Re: Upgrading with a low data cap
On 10/7/18, Richard Owlett <firstname.lastname@example.org> wrote:
> All my machines have use Stretch DVD1 for installation.
> I have a low monthly data cap - currently at my limit.
> One machine has an apt-get update and upgrade with the addition of some
> packages not on DVD1.
> I've not intentionally deleted any cached files.
> Is it possible to use the cached data on another machine?
> What should I be reading?
I don't know if I'm understanding the question correctly. It sounds
like one possibility is like where *I* bind my massive ~20GB+ hoard of
dotDebs to my /var/cache/apt/archives. As much as I debootstrap over
and over, that works fabulously *for me* on dialup.
My method is:
mount -B /path/to/archive/hoard /var/cache/apt/archives
The hoards are housed as child directories on various partitions on
miscellaneous hard drives.
I used to employ symlink instead of bind ("-B" or "--bind"). The
symlink route *appeared* to work then one day I figured out that route
was the culprit in the "I HAVE NO NAME!" identity crisis that my root
user was yelling about after chroot'ing into debootstraps. I've never
stopped to research the technical difference there, but there *is* one
because root's been a happy little name-bearing camper ever since I
made that change. :)
There is a "danger" in going the bind route. It's something I learned
on the fly. If you delete a whole operating system off of a partition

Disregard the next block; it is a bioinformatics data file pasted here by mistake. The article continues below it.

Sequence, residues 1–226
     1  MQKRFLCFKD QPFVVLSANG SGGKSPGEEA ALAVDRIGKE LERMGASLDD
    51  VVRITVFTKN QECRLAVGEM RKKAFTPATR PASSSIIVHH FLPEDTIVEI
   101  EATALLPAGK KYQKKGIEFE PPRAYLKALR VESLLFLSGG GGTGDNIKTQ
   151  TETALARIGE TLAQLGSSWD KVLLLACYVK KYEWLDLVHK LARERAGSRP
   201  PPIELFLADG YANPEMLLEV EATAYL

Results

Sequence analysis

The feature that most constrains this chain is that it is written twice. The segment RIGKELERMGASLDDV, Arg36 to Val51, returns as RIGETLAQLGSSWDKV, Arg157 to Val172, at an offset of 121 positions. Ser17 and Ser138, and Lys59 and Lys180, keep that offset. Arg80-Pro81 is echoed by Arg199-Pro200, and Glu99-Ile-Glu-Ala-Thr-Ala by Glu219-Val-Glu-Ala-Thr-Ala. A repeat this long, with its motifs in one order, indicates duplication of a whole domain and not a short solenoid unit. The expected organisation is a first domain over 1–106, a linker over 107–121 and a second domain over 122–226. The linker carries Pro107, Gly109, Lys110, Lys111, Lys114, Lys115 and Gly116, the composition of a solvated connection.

while archives are still *symlinked*, your hoard stays safe in place.
I just tested that one last time to make sure, and *mine* does stay in
If you delete an entire operating system while /var/cache/apt/archives
is still live via "mount --bind"....
Kiss your absolute entire hoard goodbye even though it's housed one
step off from the operating system you're deleting. *oops!*
Something I also learned after having mistyped something at some point
is that you can bind more than one directory to that archives path. I
don't know if that's technically sound, but mount doesn't complain and
My various hoards are named things like "apt-bind", "apt-etc", and
"apt-i386". I also tested that just for this and was able to see the
contents of apt-bind and apt-etc displayed at the same time under
archives when using "mount -B" for both.
It doesn't work like that for symlink. *For me*, symlink instead
throws a (basically useless) secondary symlink inside of archives for
each additional directory I might try to symlink after the first, raw,
original symlink is created. It's something that makes sense as part
of symlink's design. It just doesn't work for painlessly trying to
bring a bunch of hoarded archive files together in one place.
Again, I don't know how technically "sound" my "mount -B" method is
over time, especially when binding more than one directory into the
same place. I *do* know that it has been working very painlessly *for
me* for about 8 months to a year now. If you do a lot of temporary
sandbox playing with things like debootstrap'ing and test-driving new
operating systems all the time, you just GOTTA remember to unmount
before you wipe a partition clean else *OUCH*. :)
Talking Rock, Pickens County, Georgia, USA
* runs with duct tape *